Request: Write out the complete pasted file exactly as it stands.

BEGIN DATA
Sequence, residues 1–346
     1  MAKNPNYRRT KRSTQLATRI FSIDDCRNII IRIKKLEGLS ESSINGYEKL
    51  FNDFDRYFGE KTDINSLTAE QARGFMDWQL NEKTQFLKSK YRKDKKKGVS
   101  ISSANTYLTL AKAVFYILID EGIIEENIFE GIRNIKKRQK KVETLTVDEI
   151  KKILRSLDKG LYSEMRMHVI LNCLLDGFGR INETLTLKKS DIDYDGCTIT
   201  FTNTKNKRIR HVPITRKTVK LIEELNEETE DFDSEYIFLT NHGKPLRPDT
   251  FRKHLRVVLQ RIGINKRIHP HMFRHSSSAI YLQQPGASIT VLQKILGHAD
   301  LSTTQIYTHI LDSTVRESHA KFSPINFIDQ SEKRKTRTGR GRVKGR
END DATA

Sequence, residues 1–346
     1  MAKNPNYRRT KRSTQLATRI FSIDDCRNII IRIKKLEGLS ESSINGYEKL
    51  FNDFDRYFGE KTDINSLTAE QARGFMDWQL NEKTQFLKSK YRKDKKKGVS
   101  ISSANTYLTL AKAVFYILID EGIIEENIFE GIRNIKKRQK KVETLTVDEI
   151  KKILRSLDKG LYSEMRMHVI LNCLLDGFGR INETLTLKKS DIDYDGCTIT
   201  FTNTKNKRIR HVPITRKTVK LIEELNEETE DFDSEYIFLT NHGKPLRPDT
   251  FRKHLRVVLQ RIGINKRIHP HMFRHSSSAI YLQQPGASIT VLQKILGHAD
   301  LSTTQIYTHI LDSTVRESHA KFSPINFIDQ SEKRKTRTGR GRVKGR